“I will go into medical school, which is primarily patient-centered, already knowing the general concepts of patient care,” Carroll said.

Carroll is currently an active paramedic as well as instructor for Texas State’s EMT program. He is presently enrolled in online courses but aspires to attend medical school post-graduation. Carroll said his ultimate goal is to become a medical director for paramedics.

Texas State’s EMT program is in partnership with Hays County EMS. The program includes both clinical laboratory instruction and lecture. The curriculum follows the standards established by the Texas Department of State Health Services, the National Associations of EMS Physicians and the National Registry of EMTs.

Students have gained scholarships through Texas State Medical Explorers, a pre-medical and pre-dental organization, in order to train as EMTs.

Nicole Sawtelle, biology senior, has been involved with Medical Explorers’ community emergency response team, CERT, for four years and is a certified EMT.

During Sawtelle’s EMT training, she participated in hands-on instruction where she ran calls with licensed paramedics and EMTs.

During her EMT training, Sawtelle and her team received a call that a truck had flipped over I-35. When they arrived, she said a crowd of people had helped flip the truck on its side so the driver was not upside down.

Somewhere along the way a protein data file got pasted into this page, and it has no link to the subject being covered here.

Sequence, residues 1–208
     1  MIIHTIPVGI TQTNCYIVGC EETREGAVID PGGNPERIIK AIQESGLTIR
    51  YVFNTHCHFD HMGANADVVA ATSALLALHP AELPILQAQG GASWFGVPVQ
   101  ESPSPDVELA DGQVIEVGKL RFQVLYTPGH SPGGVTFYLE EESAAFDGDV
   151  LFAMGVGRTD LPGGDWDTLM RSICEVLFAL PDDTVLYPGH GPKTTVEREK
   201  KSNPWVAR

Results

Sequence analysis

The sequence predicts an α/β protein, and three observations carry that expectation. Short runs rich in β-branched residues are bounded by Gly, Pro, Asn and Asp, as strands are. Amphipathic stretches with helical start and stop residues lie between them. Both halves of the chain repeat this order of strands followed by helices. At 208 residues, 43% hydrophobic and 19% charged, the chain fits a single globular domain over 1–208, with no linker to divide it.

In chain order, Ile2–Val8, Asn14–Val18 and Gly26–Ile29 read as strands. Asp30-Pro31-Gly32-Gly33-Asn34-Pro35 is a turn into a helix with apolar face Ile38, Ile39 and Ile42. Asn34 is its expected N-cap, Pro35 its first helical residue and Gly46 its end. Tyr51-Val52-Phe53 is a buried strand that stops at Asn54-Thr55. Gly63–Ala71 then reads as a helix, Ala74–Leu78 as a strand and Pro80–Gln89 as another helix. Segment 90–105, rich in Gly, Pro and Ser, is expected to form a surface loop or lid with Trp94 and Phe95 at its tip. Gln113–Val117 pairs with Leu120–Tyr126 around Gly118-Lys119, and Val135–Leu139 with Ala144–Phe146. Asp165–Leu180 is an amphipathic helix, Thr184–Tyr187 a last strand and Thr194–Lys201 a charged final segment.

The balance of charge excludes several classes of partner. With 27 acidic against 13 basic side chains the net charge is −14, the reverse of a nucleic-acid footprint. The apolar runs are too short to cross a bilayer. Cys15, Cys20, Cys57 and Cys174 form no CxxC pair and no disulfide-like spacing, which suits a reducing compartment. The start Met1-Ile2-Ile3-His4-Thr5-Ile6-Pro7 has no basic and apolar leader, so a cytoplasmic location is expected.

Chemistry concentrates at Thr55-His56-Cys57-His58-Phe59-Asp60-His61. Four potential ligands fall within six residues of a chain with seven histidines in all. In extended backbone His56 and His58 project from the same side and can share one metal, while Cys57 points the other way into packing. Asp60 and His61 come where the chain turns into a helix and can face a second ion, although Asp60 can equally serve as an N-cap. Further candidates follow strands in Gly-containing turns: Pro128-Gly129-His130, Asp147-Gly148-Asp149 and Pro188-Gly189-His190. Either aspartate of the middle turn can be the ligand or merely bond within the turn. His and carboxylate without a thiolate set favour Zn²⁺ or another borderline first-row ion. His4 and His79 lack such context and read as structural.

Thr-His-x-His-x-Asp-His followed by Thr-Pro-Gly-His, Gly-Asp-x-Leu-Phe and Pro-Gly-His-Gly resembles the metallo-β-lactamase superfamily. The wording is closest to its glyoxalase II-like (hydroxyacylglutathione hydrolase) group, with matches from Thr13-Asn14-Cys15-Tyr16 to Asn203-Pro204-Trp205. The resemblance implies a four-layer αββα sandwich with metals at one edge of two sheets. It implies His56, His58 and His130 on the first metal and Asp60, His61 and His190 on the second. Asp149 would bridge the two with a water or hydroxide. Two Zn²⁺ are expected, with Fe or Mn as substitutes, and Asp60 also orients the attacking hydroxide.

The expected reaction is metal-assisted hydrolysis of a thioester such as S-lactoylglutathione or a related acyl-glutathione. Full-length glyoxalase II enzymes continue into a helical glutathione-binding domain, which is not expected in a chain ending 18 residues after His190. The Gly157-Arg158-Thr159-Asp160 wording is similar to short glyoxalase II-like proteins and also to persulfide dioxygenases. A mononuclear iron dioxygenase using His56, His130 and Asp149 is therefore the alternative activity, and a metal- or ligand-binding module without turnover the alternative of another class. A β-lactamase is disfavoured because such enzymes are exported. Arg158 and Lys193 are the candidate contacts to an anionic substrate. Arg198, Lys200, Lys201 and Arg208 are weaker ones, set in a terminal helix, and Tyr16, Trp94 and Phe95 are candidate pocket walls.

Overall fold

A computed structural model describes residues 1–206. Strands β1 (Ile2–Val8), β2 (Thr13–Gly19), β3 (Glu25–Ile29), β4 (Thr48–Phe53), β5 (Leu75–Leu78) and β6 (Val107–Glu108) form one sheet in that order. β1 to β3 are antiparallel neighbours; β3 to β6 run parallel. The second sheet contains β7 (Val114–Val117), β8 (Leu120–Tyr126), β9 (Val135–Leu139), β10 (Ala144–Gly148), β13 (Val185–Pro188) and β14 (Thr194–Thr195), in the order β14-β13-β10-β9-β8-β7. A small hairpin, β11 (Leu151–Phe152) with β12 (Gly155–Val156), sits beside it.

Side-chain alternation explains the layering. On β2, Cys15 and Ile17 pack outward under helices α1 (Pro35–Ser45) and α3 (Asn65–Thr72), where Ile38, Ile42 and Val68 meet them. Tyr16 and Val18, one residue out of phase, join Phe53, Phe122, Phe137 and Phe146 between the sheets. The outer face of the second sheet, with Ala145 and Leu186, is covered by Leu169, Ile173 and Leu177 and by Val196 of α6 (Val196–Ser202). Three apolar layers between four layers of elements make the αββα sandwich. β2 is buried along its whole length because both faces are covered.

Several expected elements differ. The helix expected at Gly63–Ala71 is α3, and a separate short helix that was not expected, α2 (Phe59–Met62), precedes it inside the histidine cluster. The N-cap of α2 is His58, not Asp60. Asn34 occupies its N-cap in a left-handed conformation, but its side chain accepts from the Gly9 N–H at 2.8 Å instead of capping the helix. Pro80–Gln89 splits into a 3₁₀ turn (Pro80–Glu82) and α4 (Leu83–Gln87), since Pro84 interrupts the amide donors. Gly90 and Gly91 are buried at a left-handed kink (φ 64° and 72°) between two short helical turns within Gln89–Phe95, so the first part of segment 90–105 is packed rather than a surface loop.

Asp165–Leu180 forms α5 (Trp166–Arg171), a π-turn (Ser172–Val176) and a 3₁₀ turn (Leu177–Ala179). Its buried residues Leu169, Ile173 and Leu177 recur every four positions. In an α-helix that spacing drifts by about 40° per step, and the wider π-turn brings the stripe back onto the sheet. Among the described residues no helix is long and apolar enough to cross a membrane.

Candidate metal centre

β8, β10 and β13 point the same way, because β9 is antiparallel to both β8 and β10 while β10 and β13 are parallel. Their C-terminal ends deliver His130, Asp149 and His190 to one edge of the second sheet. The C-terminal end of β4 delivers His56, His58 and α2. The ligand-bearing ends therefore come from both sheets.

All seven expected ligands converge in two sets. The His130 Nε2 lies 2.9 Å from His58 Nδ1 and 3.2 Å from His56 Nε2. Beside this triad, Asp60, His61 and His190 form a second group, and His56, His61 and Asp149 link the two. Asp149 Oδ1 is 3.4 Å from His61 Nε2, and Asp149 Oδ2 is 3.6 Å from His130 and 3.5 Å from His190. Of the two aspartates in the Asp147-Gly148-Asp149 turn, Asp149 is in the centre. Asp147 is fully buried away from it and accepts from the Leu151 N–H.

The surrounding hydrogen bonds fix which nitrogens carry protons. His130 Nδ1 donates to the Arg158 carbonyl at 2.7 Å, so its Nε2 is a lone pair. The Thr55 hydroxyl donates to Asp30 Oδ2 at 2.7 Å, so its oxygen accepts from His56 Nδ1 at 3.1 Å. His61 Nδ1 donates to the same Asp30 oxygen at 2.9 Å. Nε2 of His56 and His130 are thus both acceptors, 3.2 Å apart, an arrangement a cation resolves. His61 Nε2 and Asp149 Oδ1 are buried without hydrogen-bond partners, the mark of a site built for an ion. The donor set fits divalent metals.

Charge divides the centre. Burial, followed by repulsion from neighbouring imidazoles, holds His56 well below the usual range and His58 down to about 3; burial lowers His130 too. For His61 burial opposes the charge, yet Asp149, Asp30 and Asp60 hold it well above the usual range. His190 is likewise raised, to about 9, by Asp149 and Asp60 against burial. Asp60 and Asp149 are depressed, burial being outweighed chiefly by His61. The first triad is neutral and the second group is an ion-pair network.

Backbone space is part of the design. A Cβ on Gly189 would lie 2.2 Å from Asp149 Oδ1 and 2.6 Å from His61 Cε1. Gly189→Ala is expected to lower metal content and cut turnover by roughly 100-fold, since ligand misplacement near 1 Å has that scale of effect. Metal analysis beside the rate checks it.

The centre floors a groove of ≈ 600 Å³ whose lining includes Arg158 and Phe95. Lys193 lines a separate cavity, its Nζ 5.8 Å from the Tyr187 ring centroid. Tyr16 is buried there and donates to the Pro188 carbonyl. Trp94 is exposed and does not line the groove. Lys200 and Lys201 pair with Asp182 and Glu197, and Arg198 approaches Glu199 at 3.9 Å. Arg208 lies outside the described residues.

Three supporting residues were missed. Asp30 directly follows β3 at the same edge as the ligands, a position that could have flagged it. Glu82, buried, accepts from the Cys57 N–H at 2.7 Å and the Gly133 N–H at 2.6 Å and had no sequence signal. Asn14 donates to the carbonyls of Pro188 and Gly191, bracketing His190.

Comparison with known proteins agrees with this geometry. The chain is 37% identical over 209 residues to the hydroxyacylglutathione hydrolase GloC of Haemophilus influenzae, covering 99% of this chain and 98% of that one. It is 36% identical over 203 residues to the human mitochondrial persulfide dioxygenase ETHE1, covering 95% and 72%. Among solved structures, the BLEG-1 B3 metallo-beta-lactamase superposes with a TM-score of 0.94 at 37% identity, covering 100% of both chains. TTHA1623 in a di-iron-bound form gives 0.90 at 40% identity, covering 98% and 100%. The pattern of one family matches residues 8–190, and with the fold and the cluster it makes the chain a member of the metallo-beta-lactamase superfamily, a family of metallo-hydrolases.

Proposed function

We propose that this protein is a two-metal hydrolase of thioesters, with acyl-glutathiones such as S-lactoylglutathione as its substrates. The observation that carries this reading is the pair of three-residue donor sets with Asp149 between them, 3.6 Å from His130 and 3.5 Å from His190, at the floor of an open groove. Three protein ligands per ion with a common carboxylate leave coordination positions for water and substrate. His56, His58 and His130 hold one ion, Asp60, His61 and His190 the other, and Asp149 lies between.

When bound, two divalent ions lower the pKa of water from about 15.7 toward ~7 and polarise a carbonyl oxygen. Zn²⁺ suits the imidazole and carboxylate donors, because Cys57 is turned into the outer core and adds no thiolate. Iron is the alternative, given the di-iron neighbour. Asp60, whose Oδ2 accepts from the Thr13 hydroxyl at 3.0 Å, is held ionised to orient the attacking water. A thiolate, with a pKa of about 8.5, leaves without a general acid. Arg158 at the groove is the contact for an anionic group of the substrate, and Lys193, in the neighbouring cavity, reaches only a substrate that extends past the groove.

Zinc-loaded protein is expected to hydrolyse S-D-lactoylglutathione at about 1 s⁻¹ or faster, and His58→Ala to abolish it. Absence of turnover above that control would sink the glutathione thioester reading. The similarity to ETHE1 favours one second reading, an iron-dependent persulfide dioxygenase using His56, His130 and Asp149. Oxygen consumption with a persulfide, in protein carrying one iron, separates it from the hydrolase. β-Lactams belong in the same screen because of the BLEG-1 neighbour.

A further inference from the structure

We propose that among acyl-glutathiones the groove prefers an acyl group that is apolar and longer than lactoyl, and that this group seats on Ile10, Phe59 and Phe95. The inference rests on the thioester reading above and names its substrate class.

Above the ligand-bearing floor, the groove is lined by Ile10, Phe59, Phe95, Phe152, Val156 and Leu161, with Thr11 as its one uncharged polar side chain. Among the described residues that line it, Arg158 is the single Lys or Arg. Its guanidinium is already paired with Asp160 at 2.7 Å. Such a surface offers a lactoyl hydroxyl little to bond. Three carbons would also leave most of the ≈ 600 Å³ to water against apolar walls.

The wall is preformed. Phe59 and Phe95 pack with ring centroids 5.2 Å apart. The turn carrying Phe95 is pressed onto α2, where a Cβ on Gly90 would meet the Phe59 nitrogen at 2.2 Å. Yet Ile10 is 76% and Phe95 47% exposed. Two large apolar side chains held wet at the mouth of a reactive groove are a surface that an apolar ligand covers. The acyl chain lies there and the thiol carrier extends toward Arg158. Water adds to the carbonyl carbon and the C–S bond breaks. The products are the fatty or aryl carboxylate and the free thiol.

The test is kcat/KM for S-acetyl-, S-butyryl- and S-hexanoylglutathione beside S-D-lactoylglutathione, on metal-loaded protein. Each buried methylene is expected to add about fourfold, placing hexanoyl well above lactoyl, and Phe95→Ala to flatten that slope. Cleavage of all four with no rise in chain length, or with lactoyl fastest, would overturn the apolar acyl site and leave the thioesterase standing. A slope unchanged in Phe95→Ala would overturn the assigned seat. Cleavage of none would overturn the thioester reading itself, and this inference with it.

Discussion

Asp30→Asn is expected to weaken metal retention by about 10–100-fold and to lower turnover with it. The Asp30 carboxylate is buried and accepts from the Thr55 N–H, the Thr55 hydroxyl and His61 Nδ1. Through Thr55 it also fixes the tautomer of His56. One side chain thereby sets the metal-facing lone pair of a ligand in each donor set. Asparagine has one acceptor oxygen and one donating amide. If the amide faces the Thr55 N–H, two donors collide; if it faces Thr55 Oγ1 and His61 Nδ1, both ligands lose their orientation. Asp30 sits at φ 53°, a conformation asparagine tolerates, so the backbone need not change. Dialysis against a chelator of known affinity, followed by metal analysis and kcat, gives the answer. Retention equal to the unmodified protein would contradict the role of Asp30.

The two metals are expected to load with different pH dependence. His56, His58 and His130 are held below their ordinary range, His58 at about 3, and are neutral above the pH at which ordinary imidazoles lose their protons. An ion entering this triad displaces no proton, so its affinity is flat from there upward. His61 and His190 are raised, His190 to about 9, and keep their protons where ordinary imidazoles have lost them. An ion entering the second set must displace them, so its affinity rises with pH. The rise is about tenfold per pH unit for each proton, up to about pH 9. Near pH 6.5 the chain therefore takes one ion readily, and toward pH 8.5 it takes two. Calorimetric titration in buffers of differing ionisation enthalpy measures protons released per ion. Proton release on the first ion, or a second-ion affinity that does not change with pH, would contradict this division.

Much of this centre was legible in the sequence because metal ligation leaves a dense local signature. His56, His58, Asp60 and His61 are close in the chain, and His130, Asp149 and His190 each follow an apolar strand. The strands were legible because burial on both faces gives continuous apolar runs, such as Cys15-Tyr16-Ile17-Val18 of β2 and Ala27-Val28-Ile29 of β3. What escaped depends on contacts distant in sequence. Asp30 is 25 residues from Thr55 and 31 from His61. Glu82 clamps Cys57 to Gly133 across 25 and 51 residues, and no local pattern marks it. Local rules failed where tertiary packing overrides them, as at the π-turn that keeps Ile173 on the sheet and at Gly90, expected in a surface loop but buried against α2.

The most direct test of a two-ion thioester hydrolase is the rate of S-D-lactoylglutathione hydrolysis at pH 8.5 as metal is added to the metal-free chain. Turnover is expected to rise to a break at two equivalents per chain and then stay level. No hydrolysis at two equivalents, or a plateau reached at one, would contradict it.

“It was really interesting to see how everyone came together,” Sawtelle said. “Even after the first responders had arrived, the people hung around to see if we needed help with anything.”

Sawtelle wishes she could have worked with Hays County EMS more, but due to the 24-hour shifts, it would not have worked with her 8 a.m. classes.

Like most students with an EMT certification, Sawtelle said she plans to work as an EMT post-graduation before transferring to medical school.

Although EMT training may come with its fair share of overwhelming obstacles, students who complete the training have valuable first-hand trauma and patient care experience. By adding another responsibility on top of attending school full-time, students are helping shape the future of medicine, one life at a time.

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Texas State partners with Hays County EMS